He served his time and left the Army in February 1911 but when WW1 came, he was one of the first to be called upon as he was in the Reserve for 9 years. He was called up when the war began and he was in France very soon after it started. Sadly he was missing and presumed dead on or after the 22nd October 1914.  Elizabeth, his mother wrote the following  letters to the Army and her anxiety is palpable.

44, Curzon Street, Saltney, Chester.                                                        22nd November 1914 

Dear Sir,

            I hope you will excuse the liberty I have taken in writing to you, I should feel very grateful to you if you could give me information of my son Pte. James LLOYD, No. 7553 – E Coy, Cheshire Reg: Reserve Expeditionary Force was the last address he sent us on the 19th of Sep & we have not heard anything from him since. & I have sent letter, cards and cigarettes, & no word as  come to say whether they have been received & I am feeling very uneasy, at not hearing from.   I have four sons taken away from me since the war began in August, I hear from the others but this one I have not heard of since the 19th September & any information you could give me I should be very grateful for.  

Yours very respectfully,

Elizabeth LLOYD

I have enclose an envelope that his pension paper comes in thinking it might be something to go from (Writing very faded)

(Army replied 23rd November 1914)

44 Curzon Street, Saltney, Chester                                                                  December 31st 1914 

Sir, I hope you will excuse my troubling you again with reference to my son J. LLOYD (7553) Private in the Cheshires.   I had a notification from you on the 28th of November that he was reported missing, & I have not heard or seen anything since reading last Monday’s paper and he was mentioned in the missing column there & I have not heard from him since the 19th of Sep: and the day he went away the 6th of August from Chester Castle he promised to leave me a hifle? a day but I have heard nothing of that either, & I feel very anxious about him and if it would not be giving you to  much trouble I should feel grateful for any information.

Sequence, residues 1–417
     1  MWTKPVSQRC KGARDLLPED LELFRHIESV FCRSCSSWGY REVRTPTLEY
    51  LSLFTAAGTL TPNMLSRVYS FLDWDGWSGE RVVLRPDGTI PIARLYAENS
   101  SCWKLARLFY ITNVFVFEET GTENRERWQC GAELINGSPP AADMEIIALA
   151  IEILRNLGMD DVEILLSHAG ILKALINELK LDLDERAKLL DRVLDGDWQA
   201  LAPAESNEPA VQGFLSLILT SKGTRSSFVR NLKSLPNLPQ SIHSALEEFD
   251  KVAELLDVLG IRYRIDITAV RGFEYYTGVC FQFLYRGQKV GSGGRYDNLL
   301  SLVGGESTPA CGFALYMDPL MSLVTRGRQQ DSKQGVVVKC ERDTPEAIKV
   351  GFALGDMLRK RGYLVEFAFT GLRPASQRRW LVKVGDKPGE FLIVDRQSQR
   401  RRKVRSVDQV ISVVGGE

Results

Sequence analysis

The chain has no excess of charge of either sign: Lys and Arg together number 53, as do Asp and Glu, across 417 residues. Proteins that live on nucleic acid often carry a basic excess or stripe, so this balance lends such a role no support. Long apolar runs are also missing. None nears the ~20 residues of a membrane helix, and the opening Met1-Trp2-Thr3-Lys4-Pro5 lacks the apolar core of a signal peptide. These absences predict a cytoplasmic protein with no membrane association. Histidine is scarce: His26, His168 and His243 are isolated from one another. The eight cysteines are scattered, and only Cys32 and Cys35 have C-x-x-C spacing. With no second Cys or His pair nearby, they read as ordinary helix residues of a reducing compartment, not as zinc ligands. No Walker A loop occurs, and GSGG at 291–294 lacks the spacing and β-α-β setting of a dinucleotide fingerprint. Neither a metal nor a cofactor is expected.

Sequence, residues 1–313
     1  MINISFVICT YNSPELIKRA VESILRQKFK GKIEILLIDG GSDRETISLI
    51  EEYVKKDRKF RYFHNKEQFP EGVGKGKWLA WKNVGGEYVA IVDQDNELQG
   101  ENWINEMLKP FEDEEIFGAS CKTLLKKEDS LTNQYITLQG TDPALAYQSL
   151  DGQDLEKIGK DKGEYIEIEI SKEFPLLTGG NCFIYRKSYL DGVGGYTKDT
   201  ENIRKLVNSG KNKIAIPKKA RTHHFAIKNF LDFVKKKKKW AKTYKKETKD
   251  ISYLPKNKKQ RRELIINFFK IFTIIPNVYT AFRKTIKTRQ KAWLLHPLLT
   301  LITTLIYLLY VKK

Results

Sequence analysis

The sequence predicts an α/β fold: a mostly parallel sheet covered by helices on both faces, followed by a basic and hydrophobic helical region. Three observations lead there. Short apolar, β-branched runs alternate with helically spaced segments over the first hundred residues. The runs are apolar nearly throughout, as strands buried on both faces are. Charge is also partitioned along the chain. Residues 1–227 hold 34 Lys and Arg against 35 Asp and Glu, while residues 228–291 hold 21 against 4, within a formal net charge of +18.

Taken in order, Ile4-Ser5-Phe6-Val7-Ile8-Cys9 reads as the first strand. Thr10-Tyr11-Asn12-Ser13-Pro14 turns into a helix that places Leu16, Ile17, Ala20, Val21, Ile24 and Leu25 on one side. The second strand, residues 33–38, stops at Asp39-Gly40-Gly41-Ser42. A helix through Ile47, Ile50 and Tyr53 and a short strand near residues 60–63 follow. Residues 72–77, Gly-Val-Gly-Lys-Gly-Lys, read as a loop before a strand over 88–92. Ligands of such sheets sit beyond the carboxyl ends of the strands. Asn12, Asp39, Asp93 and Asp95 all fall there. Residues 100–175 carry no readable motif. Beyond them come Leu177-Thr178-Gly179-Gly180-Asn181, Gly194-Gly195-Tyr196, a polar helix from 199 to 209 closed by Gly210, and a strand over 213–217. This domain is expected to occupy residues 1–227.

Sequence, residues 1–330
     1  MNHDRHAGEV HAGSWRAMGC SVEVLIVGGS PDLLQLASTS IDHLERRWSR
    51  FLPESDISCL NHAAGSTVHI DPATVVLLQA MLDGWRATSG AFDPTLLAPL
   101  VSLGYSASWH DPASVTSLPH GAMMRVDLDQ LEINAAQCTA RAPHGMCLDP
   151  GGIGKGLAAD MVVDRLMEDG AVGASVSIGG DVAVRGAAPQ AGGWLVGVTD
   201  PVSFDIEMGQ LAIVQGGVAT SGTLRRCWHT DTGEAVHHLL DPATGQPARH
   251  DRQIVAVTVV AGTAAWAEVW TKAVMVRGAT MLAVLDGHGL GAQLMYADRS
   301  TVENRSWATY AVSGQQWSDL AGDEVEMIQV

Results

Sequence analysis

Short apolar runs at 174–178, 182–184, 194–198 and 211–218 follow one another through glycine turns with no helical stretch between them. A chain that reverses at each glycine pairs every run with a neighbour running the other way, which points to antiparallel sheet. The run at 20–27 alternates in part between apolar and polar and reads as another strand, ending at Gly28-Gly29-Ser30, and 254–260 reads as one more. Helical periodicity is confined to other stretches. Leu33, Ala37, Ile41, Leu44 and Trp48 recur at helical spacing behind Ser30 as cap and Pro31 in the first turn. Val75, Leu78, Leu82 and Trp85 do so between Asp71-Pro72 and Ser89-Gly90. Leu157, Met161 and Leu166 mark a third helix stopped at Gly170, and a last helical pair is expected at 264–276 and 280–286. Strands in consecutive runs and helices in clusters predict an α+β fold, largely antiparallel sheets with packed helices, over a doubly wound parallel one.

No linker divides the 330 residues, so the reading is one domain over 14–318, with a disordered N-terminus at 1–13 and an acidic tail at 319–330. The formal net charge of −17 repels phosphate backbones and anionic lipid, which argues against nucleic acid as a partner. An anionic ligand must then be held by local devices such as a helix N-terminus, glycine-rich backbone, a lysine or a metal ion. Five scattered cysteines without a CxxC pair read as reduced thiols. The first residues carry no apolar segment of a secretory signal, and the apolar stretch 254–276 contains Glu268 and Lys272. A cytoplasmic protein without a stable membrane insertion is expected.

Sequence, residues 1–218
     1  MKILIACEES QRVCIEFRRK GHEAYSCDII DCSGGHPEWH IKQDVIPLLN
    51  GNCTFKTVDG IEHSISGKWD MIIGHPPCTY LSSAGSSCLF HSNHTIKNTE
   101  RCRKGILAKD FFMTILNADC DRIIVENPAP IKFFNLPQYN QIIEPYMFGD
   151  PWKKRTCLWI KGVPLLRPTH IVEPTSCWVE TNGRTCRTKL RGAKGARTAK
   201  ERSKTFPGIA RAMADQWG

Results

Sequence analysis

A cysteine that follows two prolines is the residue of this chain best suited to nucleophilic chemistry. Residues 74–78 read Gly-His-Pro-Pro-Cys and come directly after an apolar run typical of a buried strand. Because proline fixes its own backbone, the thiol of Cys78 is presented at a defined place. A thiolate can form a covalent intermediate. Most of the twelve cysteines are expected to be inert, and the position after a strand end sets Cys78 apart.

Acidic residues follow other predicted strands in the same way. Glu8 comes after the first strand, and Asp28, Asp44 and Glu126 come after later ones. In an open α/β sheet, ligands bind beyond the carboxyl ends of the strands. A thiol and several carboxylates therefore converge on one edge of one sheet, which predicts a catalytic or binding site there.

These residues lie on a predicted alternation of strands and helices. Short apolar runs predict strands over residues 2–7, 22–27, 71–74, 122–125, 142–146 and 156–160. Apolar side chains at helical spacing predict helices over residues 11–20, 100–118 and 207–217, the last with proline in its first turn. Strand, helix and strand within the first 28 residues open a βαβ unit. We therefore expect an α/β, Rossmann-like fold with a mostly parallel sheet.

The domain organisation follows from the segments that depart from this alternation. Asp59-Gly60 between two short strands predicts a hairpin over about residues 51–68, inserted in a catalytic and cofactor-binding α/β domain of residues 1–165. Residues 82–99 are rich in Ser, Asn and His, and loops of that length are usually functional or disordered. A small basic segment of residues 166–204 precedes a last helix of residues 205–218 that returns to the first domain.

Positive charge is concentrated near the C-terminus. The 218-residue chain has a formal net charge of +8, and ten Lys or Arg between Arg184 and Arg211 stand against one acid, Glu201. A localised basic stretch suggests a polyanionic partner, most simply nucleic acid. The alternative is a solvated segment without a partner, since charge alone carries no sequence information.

Yours resps. E. LLOYD

(Army replied 1st January 1915)

Poor Elizabeth had to find out from the newspaper that her son was missing.

The records include correspondence concerning the receipt of medals and a plaque and scroll. Many of the papers are duplicates. Please make contact through the website if you would like to see more

James Lloyd in the UK, Soldiers Died in the Great War, 1914-1919 confirms his regimental details and that he was born in Saltney, Cheshire and enlisted in Chester and he was formerly 7641, R.W. Fus.

James Lloyd in the UK, Army Registers of Soldiers’ Effects, 1901-1929 states that the Sole Legatee was his father Thomas Lloyd, £6 16s 5d and War Gratuity of £5. 0s 0d Dated 28th May 1919

James Lloyd in the British Army WWI Medal Rolls Index Cards, 1914-1920 does not tell us his first Theatre of War, but tells us that he entered it on the 16th August 1914.